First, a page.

© St. Petersburg Times, published February 2, 2003
Williams and Williams. They're the best. One, that's Serena. Two is Venus. Three is not visible in their tennis rearview mirror. Every major championship, it's a family final. It could go on for a while. This is uniquely remarkable.
Is that groaning I hear?
L'il Sis wipes out the world in earlier tournament rounds, then she handles Venus for the championship. Four times in a row. Winning the Australian Open completed the "Serena Slam." She's done a Tiger Woods, embracing all four Grand Slam trophies at once.
So why aren't the cheers more vociferous from all 50 states? Shouldn't the Bushes be toasting Serena, and Venus too, on the White House lawn? Isn't this another sporting reason to be proud to be an American?
But, I know, there are dissenters. Multitudes of them. Especially tennis mavens who regularly watch, play and celebrate the game. You must hear the murmurs. Comments, some accompanied by turned-up noses, that it's "not good for the sport" to have the same pair -- especially siblings -- in every conclusion from Wimbledon to Paris to New York to Down Under.
Would the talk be different is these were Davenport sisters or Capriati sisters or Evert sisters? Remember the grumbling when a muscular, gifted Czech-turned-Yank named Martina Navratilova began to regularly beat the hugely popular Chris Evert as well as everybody else?
Serena/Venus is Martina squared.
Is race an effect? I'm just asking, not declaring. In the early months of Tiger's brilliance on the PGA Tour, there was a nasty flood of anti-Woods comments. Like the Williamses, he was a black talent in a game that was 98 percent far lighter hues.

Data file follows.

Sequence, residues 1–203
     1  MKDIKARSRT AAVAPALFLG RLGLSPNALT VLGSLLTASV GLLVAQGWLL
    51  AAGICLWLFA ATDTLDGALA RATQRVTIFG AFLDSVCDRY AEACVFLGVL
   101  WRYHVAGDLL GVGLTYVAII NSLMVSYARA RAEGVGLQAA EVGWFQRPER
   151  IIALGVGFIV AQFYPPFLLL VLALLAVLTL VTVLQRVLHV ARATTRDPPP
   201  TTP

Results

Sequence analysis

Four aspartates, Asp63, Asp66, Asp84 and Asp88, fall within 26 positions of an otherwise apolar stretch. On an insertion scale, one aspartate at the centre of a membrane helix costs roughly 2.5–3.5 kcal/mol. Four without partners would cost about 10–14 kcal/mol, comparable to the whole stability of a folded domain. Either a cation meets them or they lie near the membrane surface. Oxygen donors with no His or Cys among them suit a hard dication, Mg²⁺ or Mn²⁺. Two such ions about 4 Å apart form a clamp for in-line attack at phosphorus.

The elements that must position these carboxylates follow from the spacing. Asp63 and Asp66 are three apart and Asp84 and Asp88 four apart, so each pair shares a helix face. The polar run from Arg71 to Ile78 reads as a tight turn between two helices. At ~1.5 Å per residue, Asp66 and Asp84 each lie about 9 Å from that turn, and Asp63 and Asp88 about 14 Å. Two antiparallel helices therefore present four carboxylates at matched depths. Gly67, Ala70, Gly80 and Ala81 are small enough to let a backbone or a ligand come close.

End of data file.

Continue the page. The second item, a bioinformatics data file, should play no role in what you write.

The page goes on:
But the Californian-turned-Floridian (a background he shares with Serena and Venus) kept achieving, behaving in classy fashion and showing mass respect for his sport and its history. Eventually, the furor eased, but never disappeared.
Woods is now in mega demand. Not that some don't continue to root for him to fail; often laying it on being "good for the game." But a majority of detractors has evolved, allowing Tiger a roaring wealth of approval and status.
I've been around the Williams women at three events, including two Wimbledons. They are bright, considerate, interesting and carry themselves as grand champions should. They have interests, mostly artsy, beyond the green rectangular courts. If there's a public problem with the Serena/Venus stronghold, don't blame them.
Fault belongs to those who chase them. Like among the pros who pursue Woods, dedication has reached new highs, both physically and mentally. Ernie Els and Phil Mickelson have the skills and power to run with Tiger, and a couple dozen more golfers aren't far behind. No such wealth of capable chasers of the Williamses. Perhaps, the best chance for a Serena/Venus drop-off is their own boredom.
Where are you, Three and Four and Five and ... ?
THOUGHTS: It's right for the NFL to consult John Lynch and other crushing hitters for discussion with officials on judging helmet-to-helmet collisions after a season when overly cautious zebras too often erred on plays where actions were hardly questionable. It'd be even more correct for the NFL to reshape its overtime method, taking a cue from college football, allowing each team at least one offensive possession. For some obvious reasons, I thought of Pete Rose and Mike Tyson upon hearing, from a Harrison Ford movie: "He thinks morals are a painting on a wall and that scruples are Russian money."
A FEW MORE: It's been a cold, snowy winter in Virginia where I live, but there's no validity to the rumor that I'm trading my SUV for a Zamboni. ... Having some newspaper-dude bias, it's fascinating to see how many of TV's most capable sports reporters/analysts have massive print-media backgrounds, including Chris Mortensen, Michael Wilbon, John Clayton, Dan Le Batard, Sal Palantonio, Lesley Visser, Ed Werder, Jayson Stark, Tony Kornheiser, Bob Ryan, David Aldrich, Bud Collins, Jack Whittaker, Jim McKay and the late, great Will McDonough.
Whatever happened to Dave Pear?